Q: I have a question about ammunition for self defense. If I was to carry my Glock with Black Talon ammunition and used my pistol in self defense, would I have any problems based on the type of ammunition I was using being "extreme"? I generally carry Powerball or HydraShok but I do have some Black Talons and am wondering if I would create a problem for myself by carrying with them. And, yes, I understand that all of the bad press and rumors about Black Talons were just anti gun media hysteria.
    A: This issue would likely be of minor consequence in any criminal trial resulting from a defensive use of your pistol. There is no legal prohibition that I am aware of against Black Talon ammo. However, when I am teaching the legal portion of CPL classes, I often suggest that it is not a bad idea to take appearances into account.

    We who carry pistols for self-defense are an often-misunderstood minority of the population. While there have been major strides towards creating a rational legal environment in recent years, specifically: the Stand Your Ground law that went into effect late last year with the full support of MCRGO, it is still possible that the circumstances surrounding a self-defense shooting might lead to a prosecution of a citizen who successfully defends himself.

    If that happens, you will likely face a jury made up of individuals who are unfamiliar with firearms and ammo and may even question the legitimacy of carrying a gun for self defense purposes. As we are all painfully aware, there are members of the jury pool who subscribe to the view that citizens who carry for self-defense are really just looking for an opportunity to shoot someone.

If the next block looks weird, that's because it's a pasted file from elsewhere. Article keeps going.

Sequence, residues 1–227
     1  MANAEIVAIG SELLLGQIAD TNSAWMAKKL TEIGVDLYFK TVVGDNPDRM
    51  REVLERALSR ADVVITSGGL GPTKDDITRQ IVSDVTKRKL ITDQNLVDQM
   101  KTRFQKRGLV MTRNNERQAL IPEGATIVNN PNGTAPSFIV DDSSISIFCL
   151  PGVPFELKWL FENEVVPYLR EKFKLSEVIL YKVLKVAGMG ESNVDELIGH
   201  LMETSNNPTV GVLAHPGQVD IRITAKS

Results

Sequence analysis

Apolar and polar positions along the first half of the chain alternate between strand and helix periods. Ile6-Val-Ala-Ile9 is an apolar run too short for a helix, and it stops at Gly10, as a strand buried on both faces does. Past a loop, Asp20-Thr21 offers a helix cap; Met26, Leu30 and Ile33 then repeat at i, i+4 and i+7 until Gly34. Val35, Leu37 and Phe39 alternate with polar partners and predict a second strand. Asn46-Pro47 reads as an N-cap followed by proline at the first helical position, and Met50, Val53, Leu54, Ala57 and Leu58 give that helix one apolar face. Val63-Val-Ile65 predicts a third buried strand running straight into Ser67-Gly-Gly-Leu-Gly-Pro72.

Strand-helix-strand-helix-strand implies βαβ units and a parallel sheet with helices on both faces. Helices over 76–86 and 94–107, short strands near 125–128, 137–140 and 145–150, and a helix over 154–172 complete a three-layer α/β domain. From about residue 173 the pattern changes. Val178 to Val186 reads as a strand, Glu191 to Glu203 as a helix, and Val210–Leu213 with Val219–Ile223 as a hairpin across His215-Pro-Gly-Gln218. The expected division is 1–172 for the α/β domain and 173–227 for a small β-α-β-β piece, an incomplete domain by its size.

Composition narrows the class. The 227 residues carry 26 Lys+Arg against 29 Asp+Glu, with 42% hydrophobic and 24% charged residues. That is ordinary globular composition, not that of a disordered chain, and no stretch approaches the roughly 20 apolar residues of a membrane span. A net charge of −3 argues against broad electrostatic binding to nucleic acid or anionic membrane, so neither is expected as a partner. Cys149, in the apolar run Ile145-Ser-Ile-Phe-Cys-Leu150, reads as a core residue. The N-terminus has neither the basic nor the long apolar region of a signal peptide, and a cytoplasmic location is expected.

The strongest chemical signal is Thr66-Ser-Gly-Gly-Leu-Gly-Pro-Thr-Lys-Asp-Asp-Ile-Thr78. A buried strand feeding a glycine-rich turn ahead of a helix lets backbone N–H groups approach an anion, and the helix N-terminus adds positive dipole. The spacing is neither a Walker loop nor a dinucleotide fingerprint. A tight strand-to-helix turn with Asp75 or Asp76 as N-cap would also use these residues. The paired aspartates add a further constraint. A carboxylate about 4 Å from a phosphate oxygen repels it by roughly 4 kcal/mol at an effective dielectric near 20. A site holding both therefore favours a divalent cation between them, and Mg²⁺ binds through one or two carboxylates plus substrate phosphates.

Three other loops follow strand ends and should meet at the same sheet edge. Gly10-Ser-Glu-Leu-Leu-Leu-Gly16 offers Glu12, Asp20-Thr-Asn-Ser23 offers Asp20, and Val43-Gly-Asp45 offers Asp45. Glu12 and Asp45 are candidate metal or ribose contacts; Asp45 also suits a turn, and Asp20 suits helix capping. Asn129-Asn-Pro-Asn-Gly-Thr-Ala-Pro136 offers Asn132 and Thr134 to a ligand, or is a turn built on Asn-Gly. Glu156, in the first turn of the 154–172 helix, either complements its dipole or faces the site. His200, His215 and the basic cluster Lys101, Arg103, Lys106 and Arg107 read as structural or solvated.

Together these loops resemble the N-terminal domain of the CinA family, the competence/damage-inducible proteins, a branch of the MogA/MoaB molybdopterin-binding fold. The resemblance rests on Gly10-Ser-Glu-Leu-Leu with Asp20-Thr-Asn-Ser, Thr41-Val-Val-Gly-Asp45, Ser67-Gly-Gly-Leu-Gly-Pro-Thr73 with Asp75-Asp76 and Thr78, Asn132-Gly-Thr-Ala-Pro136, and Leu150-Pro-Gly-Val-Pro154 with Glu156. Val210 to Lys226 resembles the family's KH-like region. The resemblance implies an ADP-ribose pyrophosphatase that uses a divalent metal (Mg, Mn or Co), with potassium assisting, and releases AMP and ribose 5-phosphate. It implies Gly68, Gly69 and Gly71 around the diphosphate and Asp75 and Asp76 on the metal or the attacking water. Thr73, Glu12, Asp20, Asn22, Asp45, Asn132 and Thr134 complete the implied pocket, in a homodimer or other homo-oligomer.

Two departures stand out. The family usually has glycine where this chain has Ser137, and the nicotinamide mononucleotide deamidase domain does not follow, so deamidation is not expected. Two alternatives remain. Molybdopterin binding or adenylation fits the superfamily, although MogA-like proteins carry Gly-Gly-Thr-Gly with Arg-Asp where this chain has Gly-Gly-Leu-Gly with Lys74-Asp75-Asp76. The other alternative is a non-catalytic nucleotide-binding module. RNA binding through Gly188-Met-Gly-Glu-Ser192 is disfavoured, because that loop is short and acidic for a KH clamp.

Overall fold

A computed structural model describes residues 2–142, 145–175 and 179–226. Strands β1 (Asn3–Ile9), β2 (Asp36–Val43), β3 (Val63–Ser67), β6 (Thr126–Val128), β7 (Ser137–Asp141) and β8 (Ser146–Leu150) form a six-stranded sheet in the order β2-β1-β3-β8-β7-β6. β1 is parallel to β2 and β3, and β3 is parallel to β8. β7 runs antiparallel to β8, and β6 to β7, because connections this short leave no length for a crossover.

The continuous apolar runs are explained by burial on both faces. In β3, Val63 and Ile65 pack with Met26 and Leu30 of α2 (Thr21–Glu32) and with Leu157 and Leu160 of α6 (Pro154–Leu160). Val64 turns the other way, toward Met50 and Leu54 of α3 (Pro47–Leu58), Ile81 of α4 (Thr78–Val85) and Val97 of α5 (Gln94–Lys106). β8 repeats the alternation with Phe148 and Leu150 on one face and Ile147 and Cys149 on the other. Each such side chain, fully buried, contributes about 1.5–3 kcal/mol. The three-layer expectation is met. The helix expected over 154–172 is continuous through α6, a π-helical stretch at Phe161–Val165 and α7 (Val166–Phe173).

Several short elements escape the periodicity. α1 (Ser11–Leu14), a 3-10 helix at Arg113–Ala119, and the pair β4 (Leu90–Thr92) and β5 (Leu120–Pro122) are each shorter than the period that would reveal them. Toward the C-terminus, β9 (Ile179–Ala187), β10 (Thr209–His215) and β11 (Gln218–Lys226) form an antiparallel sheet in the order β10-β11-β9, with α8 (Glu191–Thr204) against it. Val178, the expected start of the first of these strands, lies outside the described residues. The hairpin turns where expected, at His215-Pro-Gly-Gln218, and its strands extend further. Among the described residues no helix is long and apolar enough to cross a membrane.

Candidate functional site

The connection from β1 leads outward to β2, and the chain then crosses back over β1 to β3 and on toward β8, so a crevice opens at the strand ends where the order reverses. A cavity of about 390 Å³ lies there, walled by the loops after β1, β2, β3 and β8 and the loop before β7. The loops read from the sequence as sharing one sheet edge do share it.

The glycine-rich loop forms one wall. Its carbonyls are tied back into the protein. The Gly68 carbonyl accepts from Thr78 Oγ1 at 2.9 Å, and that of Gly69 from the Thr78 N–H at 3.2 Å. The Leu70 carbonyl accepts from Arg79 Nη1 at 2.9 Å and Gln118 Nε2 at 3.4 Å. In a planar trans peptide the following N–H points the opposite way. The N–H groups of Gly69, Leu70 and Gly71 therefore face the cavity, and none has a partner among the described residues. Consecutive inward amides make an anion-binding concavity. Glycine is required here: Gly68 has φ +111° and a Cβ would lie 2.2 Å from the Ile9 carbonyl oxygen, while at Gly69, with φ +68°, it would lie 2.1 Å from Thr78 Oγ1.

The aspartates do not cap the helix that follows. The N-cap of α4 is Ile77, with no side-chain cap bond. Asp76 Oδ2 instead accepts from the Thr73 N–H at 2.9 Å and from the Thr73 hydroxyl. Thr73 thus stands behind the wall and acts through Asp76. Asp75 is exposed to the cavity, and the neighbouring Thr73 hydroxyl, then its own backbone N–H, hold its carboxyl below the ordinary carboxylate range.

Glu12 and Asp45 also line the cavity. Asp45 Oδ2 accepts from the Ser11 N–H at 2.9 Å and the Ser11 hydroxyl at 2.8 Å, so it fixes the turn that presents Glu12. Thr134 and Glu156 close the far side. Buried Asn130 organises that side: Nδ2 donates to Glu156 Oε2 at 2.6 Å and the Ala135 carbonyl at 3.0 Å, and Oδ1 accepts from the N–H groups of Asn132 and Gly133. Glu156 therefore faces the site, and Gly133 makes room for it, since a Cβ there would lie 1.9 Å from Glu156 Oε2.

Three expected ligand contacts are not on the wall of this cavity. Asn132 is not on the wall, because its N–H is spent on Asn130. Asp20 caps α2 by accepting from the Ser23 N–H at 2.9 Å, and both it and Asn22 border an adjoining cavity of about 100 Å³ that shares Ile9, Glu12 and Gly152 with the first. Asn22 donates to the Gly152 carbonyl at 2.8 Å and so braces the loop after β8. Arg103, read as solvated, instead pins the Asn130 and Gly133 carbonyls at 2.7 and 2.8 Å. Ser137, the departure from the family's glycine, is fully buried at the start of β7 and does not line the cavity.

It is not beyond imagination that a zealous prosecutor could try to sway a jury by pointing out that the ammo in your weapon has a scary name. Because it is carried by police, HydraShok is generally considered "good guy" ammo. Personally, I've always thought that "Silvertip" evokes the image of the Lone Ranger and is generally accepted as "good guy" ammo. That said, MCRGO does not endorse any specific brand of ammunition, and my understanding is that Black Talon is considered by experts to be effective, reliable ammunition. Whichever ammo you choose to carry, the most important considerations will be whether your use of force was proportional to the threat presented, and reasonable under the circumstances.
    Q: I know that you are not allowed to carry in a tavern where the primary source of income is the sale of alcoholic liquor by the glass consumed on the premises". How am I supposed to determine their ratio of food to liquor sales? I don't feel I should have to ask the proprietor. I like to eat at a local tavern, and during the day it is filled with customers eating meals, but I am sure that in the evening the crowd is more oriented to drinking. Am I OK to carry during the day, but not at night? All of the time? Never?
    A: You are correct in stating that a CPL (Concealed Pistol License) is not valid in an establishment that derives the majority of its income from the sale of alcoholic liquor by the glass. Since this law is still relatively new, we don't have much in the line of case law precedent to guide us on how you are supposed to know whether you can lawfully carry in places such as the one you describe above.

    In conversations with law enforcement officers, I am most often told: "You know a bar when you see one." While that is not a bright line legal standard, it is the kind of thinking that is likely to guide law enforcement officers when they are exercising their discretion and choosing whether to make an issue of your carrying in a certain establishment.